Review By: LeLe Symone
Unless you’re royalty or an heir to a fortune, you can’t find a lifestyle with any better perks than to be the child of a certified celebrity. Instant name recognition? Check. Regularly kicking it at premieres and award shows? Check. Access to extra cash and networking opportunities? Already. So it’s no wonder that Brian McKnight Jr. and younger brother Niko were all too stoked to work with their dad, Brian McKnight, out on the road and as co-writers and co-producers on his eleventh CD, Just Me. The results? Well…..sometimes you have to remember and apply the old creed, “just because you can doesn’t mean you should.”
Since it’s the Brian McKnight we’re talking about here, the CD still turns out some pretty strong tracks: “Just Lemme Know” is warm and wistful, “Gimme Yo Love” is a saucy mid-tempo groove and “Fall,” the first single, portrays a romantic who’s reluctant to lose control and plunge into the depths of love with a new lady. One of the most intimate songs he’s ever recorded is the title track, where, in that soaring, silky tenor of his, admits his frailties as a man just as readily as his strengths: “I play the fool, have but one vice…I am not always very nice. I live my life onstage, on cue, I do the things I have to do.”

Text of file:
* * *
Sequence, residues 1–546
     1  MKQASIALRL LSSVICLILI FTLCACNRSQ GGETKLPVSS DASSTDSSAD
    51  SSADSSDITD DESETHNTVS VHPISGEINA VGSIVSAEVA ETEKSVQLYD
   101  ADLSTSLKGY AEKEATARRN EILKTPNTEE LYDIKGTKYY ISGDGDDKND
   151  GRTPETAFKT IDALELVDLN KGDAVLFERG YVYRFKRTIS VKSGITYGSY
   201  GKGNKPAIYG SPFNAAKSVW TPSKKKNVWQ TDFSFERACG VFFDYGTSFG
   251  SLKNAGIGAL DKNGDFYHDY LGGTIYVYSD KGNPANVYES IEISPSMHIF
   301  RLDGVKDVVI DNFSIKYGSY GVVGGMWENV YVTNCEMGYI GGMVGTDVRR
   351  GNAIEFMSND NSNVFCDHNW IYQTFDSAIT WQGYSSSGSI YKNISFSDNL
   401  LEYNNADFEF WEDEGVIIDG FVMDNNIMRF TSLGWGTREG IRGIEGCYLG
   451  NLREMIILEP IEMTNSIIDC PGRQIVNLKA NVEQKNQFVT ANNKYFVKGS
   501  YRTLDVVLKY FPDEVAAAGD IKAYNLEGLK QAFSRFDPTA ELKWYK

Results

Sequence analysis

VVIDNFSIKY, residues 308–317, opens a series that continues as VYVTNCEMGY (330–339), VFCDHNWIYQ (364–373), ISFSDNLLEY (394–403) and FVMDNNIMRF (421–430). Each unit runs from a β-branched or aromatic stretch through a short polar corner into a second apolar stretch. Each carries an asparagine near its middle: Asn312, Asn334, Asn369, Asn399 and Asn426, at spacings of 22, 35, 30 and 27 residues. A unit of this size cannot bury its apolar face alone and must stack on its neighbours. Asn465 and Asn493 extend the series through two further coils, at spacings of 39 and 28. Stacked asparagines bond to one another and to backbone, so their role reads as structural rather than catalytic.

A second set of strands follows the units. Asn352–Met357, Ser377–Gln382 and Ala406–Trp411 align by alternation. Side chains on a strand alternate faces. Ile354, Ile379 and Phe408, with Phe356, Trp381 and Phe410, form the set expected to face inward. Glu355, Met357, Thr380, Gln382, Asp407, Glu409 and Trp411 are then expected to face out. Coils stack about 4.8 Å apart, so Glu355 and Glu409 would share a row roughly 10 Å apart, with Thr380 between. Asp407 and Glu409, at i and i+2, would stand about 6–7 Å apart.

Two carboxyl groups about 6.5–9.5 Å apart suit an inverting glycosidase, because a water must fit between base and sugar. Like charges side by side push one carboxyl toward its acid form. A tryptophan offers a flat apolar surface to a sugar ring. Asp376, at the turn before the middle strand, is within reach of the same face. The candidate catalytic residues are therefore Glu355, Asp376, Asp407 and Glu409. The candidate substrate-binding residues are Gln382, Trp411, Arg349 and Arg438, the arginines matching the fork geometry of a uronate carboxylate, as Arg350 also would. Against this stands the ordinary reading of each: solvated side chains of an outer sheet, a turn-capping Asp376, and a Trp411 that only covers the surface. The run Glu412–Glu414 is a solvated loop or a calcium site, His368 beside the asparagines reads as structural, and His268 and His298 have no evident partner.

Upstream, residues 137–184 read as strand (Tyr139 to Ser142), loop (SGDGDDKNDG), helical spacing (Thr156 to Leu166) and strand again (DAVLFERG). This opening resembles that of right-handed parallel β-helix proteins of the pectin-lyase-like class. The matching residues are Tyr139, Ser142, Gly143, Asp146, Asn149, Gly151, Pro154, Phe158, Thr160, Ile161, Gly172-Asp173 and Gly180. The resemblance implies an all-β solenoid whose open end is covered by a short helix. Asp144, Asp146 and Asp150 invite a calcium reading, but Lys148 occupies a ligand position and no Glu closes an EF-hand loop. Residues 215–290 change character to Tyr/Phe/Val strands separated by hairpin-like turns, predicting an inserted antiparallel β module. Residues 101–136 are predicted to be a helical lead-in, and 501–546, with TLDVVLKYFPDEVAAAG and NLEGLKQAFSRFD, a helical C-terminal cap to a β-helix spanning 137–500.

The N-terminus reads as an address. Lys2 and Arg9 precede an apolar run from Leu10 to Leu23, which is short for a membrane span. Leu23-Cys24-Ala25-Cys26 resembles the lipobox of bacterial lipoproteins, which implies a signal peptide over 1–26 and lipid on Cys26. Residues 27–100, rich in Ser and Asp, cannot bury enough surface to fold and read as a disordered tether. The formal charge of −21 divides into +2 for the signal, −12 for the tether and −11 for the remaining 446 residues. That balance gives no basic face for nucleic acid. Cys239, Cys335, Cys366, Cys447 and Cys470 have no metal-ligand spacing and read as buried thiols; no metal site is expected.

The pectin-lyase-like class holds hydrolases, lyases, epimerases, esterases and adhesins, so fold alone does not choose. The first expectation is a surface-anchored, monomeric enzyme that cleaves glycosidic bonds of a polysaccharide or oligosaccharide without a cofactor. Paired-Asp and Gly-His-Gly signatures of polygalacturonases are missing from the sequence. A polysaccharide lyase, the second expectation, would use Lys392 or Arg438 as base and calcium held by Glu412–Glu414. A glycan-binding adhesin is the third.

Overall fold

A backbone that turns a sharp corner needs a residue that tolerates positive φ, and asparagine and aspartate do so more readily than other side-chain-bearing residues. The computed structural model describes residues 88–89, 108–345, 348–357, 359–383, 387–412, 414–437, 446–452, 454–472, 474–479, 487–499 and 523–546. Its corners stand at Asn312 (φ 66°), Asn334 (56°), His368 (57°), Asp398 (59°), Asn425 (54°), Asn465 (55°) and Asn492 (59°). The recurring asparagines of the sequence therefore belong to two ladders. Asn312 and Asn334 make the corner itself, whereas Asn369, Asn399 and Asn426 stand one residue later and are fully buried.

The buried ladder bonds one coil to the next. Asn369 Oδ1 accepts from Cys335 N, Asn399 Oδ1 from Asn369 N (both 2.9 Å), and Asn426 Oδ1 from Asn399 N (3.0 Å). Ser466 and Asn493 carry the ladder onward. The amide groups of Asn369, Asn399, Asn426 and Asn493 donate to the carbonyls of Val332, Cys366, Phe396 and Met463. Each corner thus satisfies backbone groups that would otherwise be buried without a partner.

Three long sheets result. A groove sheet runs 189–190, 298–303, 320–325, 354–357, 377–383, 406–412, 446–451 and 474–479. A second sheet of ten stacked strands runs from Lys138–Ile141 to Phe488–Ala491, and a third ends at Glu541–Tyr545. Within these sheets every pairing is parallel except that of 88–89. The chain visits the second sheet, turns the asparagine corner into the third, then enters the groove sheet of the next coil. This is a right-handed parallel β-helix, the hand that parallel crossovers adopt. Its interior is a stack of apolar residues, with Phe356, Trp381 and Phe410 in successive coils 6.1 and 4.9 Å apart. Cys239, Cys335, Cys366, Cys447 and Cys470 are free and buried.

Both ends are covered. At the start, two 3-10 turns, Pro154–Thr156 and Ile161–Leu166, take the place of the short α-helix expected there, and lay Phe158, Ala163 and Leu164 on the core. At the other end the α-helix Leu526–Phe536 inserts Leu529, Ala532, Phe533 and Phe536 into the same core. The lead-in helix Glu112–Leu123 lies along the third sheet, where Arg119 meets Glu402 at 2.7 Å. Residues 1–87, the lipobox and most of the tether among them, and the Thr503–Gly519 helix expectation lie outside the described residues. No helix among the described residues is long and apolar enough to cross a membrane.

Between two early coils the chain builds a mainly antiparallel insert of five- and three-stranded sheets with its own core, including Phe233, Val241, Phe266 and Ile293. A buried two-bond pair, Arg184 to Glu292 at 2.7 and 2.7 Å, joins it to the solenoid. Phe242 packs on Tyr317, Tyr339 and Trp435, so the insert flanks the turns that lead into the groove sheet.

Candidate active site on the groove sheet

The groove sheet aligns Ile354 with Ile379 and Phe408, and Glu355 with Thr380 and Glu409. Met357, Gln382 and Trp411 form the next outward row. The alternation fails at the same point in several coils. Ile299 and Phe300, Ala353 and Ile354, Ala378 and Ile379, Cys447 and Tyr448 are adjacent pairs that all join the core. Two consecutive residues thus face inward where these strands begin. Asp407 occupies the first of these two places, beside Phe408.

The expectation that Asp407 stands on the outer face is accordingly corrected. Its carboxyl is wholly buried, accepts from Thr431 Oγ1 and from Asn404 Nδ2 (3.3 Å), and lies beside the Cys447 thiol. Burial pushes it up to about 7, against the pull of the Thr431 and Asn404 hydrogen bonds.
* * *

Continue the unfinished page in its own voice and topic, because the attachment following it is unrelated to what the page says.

The rest of it, because it’s handled by amateurs, doesn’t always measure up: the guitar-fringed “Husband” could’ve been a hit, but they’re all trying too hard to go outside the box, and “Temptation,” a duet between the younger and elder Brians, should’ve punched up the delivery. And Lord help George Michael if he hears how sluggishly the man covered Wham!’s “Careless Whisper,” the man would take it personal.
The worthwhile bonus “Live” CD aside, Just Me doesn’t match up to the title and will probably be considered ‘essential listening’ only to his biggest and most die-hard fans. Being related to a musician may give you some of the skills and more opportunities to display them, but those who are still learning tricks of the trade shouldn’t necessarily tinker with an established relative’s style as a litmus test.